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Ontario Conservative party leader Tim Hudak photographed in the Legislature at Queen's Park during the discussion of a controversial bill that would force a new contract on thousands of teachers across the province on August 28, 2012. Mr. Hudak said Monday the Tories don’t support new legislation aimed at freezing public sector wages. (Fernando Morales/The Globe and Mail)
Ontario Conservative party leader Tim Hudak photographed in the Legislature at Queen's Park during the discussion of a controversial bill that would force a new contract on thousands of teachers across the province on August 28, 2012. Mr. Hudak said Monday the Tories don’t support new legislation aimed at freezing public sector wages. (Fernando Morales/The Globe and Mail)

Hudak eyes transit as way to win over Torontonians Add to ...

Progressive Conservative Leader Tim Hudak pledged sweeping change to Toronto’s transportation network, promising to merge the subway, GO trains and local expressways into a single system. He also left the door open to new taxes, tolls or fees to pay for transit expansion.

That a Tory would even consider a transit tax shows how crucial the province’s largest city is to the party’s electoral hopes. Mr. Hudak’s party took only a handful of seats in the GTA during the last vote, and was shut out of Toronto proper. The Liberals, by constrast, dominate the city. Premier Kathleen Wynne has her seat here, and the party holds all but six of its ridings.

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At a lunch-hour speech in the financial district Wednesday, the P.C. Leader launched his campaign to woo the city’s voters, telling anecdotes about riding the subway from his uptown residence to work at Queen’s Park and laying out a laundry list of Toronto-focused policies.

As premier, Mr. Hudak said, he would pump up the city’s cultural sector – which includes a slew of theatres, film studios and art galleries – by simplifying business regulations to make it easier for people to set up shop. He also promised to help immigrants have foreign credentials recognized in Ontario in a bid to get the best and brightest to settle in Toronto.

Most of his agenda, however, was centred on transit.

“For far too long, Toronto has been creaking under infrastructure designed in the 1950s for a city of a much more modest size than it is today,” Mr. Hudak said. “And as Toronto grows, that gridlock will continue to grow along with it, at a cost of … $6-billion in lost economic activity.”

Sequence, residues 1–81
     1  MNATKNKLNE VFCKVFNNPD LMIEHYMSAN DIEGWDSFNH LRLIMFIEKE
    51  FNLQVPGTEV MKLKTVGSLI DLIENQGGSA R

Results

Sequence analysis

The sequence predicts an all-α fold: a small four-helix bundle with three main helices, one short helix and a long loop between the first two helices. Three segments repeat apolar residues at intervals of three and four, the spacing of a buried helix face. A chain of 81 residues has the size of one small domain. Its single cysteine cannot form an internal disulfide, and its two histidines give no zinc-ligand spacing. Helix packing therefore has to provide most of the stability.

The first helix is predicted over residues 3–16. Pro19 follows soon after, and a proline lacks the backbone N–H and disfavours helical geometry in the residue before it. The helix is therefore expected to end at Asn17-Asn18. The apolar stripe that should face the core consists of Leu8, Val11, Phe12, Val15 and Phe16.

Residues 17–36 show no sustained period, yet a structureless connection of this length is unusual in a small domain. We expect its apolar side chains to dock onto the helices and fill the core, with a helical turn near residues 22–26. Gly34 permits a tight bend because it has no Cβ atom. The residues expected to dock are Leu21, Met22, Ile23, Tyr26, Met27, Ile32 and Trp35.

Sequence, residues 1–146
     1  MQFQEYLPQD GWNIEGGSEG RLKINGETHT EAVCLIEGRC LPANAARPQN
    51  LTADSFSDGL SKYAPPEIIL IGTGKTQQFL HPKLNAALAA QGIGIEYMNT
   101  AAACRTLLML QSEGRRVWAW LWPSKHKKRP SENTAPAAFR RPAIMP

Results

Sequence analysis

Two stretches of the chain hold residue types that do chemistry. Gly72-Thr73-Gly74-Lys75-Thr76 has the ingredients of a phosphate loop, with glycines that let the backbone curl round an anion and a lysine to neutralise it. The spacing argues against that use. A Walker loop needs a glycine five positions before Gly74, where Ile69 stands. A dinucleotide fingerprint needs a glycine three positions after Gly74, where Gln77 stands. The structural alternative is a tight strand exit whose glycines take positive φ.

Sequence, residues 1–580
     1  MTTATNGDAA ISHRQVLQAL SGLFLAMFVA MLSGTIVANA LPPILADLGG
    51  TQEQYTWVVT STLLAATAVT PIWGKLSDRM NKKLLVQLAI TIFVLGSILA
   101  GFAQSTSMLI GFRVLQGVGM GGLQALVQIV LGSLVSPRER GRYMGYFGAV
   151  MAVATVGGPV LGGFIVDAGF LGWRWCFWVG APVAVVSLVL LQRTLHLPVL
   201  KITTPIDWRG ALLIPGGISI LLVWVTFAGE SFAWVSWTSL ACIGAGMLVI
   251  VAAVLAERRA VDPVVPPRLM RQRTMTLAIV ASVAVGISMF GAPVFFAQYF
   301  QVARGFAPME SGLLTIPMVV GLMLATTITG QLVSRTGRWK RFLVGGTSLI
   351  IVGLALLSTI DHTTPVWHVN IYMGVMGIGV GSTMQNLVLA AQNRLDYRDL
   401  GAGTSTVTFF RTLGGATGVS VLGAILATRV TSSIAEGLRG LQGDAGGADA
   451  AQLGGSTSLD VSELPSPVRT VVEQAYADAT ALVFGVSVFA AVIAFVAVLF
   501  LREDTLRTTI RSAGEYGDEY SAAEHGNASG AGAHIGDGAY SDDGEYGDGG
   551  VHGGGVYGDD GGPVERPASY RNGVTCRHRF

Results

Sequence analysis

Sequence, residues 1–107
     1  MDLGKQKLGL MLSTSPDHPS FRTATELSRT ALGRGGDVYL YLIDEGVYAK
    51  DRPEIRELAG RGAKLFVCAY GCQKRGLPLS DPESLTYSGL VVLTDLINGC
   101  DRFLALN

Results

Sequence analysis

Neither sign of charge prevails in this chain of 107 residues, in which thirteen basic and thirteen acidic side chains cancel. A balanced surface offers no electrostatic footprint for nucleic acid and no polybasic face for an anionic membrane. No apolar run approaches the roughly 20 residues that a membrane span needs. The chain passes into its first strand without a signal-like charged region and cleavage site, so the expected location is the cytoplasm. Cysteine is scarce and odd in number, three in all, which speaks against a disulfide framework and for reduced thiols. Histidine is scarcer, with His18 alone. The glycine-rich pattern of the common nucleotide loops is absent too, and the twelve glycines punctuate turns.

He said he would extend the subway north to Richmond Hill and farther east into Scarborough, and add on to the northern end of Highway 427. He also proposed simplifying transportation planning by putting provincial agency Metrolinx, which operates the GO network, in charge of Toronto’s subway, four planned LRT lines and several local highways, including the Gardiner Expressway and the Don Valley Parkway.

Transferring only the subway to provincial control, however, would be difficult, because the system relies heavily on streetcars and buses to funnel passengers into it. And it might not be the most efficient option, given that several TTC streetcar and bus routes carry more people than most GO lines.

Subway expansion, meanwhile, will be costly. But the austerity-minded Mr. Hudak said he would find money for it in part by tapping cost savings in other government departments, pointing to subsidies to green energy companies as dollars that could better be spent on transit.

Metrolinx is currently holding consultations to develop a list of funding tools – which could range from road tolls to new taxes to parking fees – to be tabled in June. Mr. Hudak said he was “open to options,” and that he would establish a dedicated source of transit dollars, in contrast to the usual one-off format of transportation funds.

“Whether it’s a combination [of funding tools], whether it’s one or two, my view is we don’t have more time to waste,” he said. “Let’s get on with it.”

Carol Wilding, the CEO of the Board of Trade, which organized the event, said she was encouraged by Mr. Hudak’s words and urged him, should be become premier, to move ahead on transit expansion even as he looks to cut spending elsewhere.

“You’ve got a public who are very frustrated both in terms of their quality of life … and they’re ready to move,” she said. “You need to seize that moment.”

Follow on Twitter: @adrianmorrow

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